Global Environment Centre director Faizal Parish points out the urgency to identify potential sites for restoration and stop the harmful landuse before more peat swamps become beyond redemption. He says a desirable plot will be between 5,000ha to 50,000ha. Parish explains that smaller sites would be subjected to continued drainage from activities surrounding it that quicken the decomposition rate. Such a scenario, says Parish, is prevailing in Sarawak which holds 1.12million ha, the bulk of the country’s
peat swamps.

However, the situation in the states of Pahang, Selangor and Sabah offers some potential for Malaysia to tap into the growing carbon market. For example, peatlands in Klias Peninsula on the west coast of Sabah that was burnt a decade ago during the severe El Nino episode is still being drained.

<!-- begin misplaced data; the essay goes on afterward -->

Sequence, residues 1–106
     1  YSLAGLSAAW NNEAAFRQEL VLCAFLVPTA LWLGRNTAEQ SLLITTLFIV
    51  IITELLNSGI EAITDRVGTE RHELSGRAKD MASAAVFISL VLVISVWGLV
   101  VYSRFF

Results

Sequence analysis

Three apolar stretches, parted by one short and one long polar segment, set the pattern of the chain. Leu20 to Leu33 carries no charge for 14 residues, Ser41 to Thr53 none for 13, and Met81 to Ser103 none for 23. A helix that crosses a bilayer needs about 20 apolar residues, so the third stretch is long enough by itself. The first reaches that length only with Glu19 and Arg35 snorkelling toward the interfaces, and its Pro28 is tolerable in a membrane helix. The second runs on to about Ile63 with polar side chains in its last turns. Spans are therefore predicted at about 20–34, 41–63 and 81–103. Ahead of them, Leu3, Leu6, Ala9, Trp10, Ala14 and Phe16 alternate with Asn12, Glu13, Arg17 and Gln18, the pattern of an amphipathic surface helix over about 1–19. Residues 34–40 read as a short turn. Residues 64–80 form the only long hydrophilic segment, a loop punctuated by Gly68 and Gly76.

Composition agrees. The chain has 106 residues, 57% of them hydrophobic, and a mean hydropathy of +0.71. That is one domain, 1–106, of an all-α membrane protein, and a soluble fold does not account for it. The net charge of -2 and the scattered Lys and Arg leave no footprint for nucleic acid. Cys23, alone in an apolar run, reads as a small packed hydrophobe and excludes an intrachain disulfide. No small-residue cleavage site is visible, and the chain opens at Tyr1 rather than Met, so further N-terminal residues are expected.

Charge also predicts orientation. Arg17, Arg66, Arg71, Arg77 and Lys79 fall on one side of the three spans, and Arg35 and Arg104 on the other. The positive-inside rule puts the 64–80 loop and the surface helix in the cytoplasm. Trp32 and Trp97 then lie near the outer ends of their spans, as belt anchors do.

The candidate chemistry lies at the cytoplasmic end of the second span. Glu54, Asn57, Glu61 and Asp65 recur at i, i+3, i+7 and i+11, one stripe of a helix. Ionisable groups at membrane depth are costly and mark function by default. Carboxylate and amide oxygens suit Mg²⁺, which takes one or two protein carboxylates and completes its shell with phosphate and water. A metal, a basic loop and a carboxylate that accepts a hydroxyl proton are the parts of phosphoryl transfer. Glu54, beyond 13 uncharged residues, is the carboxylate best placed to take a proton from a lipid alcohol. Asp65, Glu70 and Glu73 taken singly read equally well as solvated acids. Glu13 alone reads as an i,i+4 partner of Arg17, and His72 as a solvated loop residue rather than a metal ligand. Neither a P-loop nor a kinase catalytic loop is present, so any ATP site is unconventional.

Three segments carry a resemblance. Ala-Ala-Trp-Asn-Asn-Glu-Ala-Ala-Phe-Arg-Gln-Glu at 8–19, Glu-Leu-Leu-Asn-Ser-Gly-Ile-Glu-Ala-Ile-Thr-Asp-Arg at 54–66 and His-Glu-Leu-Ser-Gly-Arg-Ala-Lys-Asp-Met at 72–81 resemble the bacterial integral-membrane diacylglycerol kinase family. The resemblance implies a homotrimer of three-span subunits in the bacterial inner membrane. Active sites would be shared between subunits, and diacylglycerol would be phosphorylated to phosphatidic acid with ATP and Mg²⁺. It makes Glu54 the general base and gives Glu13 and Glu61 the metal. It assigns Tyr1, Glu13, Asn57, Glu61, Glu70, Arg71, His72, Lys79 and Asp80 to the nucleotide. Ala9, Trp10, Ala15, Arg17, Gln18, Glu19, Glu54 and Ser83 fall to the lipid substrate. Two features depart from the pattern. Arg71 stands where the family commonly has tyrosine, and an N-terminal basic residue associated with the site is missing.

“State governments of Pahang, Selangor and Sabah should look at the potential of carbon market as a payment for preventing further global warming. Depending on the set up of the market mechanisms, they can derive higher revenues compared with plantations which pay a low land premium to the states,” suggests Parish.

The three states are in good stead to incorporate sound peatland management after participating in the five-year United Nations Development Programme/Global Environment Facility funded project on peat swamp forest.

Pahang has agreed to gazette 20,000ha to connect the fragmented reserves in the south-east Pahang peat swamp forests, effectively creating a biodiversity corridor besides enlarging the buffer from 500m to 1km.

“If they follow the management plan, they are in a viable position to be paid for carbon sequestration,” says chief technical advisor Dr Efransjah.